Increased symptoms of liver cancers prompt treatment

The incidence of liver cancer has increased by approximately 75% since 1990. The main causes of liver cancer include infections with hepatitis B virus (HBV), hepatitis C virus (HCV), alcohol consumption, non-alcoholic fatty liver disease and other factors.

HBV and HCV are the leading causes of liver cancer, but in recent years the increase has also been attributed to the rising incidence of non-alcoholic fatty liver disease.

Over the past 30 years, there has been a gradual increase in the incidence and average age of onset of liver cancer, regardless of the underlying cause.

The majority of people with liver cancer have chronic liver disease (also called chronic liver disease). A person’s risk of developing liver cancer increases if they have chronic liver disease.

Typically, liver cancer shows no signs on its own. Some people may have a lump or small pain in their upper abdomen, feel full quickly after starting to eat, or lose weight.

Others may have symptoms caused by the liver disease they had before they got the cancer. These symptoms can get worse or come back because of the cancer, including yellowish discoloration of the skin, stomach bloating, and swelling in the feet.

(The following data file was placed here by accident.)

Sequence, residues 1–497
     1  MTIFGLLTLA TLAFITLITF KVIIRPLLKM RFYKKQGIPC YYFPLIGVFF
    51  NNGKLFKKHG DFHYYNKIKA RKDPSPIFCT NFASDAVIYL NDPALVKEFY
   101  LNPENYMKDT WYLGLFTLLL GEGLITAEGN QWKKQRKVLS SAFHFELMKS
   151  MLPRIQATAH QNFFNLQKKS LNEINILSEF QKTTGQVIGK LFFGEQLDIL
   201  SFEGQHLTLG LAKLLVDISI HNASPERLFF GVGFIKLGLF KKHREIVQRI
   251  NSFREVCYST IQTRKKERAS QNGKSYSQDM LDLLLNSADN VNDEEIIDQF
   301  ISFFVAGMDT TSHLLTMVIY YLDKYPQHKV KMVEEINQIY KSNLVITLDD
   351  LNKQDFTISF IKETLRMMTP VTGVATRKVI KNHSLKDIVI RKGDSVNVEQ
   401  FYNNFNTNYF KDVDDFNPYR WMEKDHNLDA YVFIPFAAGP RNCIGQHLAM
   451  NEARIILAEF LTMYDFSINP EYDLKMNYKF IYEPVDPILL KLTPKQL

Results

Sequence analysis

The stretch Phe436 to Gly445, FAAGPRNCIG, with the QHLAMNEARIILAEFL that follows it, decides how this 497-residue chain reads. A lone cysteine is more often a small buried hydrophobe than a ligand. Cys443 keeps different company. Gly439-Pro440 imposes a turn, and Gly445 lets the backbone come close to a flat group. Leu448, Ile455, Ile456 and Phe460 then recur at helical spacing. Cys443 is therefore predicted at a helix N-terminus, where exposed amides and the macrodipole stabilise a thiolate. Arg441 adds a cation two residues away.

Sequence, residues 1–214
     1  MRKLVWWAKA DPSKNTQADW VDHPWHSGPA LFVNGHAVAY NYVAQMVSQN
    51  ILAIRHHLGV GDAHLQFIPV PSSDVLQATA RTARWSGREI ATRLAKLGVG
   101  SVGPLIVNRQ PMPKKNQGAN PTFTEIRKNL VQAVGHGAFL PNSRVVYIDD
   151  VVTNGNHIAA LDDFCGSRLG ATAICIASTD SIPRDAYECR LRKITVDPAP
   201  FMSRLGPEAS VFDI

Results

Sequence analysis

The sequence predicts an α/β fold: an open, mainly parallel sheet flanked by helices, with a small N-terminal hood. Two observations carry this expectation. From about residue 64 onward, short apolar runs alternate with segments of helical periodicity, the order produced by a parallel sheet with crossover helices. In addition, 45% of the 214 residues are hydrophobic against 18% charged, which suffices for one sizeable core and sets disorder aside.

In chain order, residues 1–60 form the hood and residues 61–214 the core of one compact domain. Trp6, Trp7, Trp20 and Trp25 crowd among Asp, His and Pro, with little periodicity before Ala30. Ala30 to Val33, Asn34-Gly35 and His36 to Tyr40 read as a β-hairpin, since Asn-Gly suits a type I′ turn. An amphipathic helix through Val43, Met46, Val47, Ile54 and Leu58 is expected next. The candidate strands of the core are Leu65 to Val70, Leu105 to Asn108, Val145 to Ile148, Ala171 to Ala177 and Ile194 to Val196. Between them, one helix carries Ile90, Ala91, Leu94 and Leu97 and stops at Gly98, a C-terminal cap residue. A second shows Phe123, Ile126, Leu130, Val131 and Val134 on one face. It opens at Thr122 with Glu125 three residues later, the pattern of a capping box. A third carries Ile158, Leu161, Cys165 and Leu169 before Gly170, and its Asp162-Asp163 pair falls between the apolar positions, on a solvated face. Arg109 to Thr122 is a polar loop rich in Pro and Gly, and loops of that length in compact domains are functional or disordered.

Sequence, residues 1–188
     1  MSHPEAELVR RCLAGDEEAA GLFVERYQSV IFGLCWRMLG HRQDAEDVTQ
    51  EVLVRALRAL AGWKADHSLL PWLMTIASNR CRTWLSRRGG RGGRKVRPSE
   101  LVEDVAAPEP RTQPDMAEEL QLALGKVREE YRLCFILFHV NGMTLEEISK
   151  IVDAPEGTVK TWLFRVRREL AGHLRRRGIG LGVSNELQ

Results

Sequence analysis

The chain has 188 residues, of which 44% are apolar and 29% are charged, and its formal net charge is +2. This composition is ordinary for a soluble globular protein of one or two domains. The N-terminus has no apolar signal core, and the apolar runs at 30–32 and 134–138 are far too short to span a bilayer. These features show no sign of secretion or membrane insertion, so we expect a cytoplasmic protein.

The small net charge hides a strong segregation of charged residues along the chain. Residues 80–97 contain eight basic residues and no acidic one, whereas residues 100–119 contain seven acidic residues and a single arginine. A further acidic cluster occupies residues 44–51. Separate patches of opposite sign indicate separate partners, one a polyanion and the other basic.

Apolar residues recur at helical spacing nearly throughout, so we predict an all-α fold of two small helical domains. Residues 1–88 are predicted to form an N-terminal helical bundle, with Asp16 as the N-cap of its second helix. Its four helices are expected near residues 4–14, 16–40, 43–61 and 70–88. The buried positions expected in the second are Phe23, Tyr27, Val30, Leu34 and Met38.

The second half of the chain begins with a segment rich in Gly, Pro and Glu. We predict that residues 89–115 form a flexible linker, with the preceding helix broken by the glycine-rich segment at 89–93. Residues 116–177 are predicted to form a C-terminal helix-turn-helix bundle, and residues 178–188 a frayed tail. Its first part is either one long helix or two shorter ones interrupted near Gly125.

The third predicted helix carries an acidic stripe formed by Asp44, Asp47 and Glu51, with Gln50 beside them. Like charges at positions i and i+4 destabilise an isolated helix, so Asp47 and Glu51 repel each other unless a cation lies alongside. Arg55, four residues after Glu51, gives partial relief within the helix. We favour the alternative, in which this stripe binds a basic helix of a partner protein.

Liver cancer can be treated in different ways. Treatment depends on the stage of your cancer. It also depends on the health of your liver (in other words, how bad your liver disease was before you got cancer). The different treatments include:

Operation: Sometimes liver cancer can be treated with surgery to remove the part of the liver that has cancer.

liver transplant: A liver transplant is a type of surgery in which a doctor replaces a diseased liver with a healthy liver from another person.

Ablation therapy: Ablation therapy is a procedure that can kill liver cancer cells and does not involve surgery. Doctors can perform ablation therapy in different ways. They can kill cancer cells using heat, microwaves, a laser, or radiation therapy.

Block cancer blood supply: Doctors may do a procedure called embolization to block the blood vessel that sends blood to the cancer. By “depriving” the cancer of its blood supply, it prevents the disease from spreading. Sometimes, chemotherapy (“chemoembolization”) or radiotherapy are combined with the embolization technique (“radioembolization”).

Immunotherapy: This is the term doctors use for drugs that work with the body’s infection-fighting system (the “immune system”) to stop the growth of cancer.

Chemotherapy: Chemotherapy is the medical term for drugs that kill cancer cells or prevent them from growing.

After treatment, frequent checks are done to see if the cancer comes back. Regular follow-up tests including examinations, blood tests and imaging tests. It is imperative to maintain regular follow-up with your doctor, especially if someone is suffering from chronic hepatitis or has established chronic liver disease.

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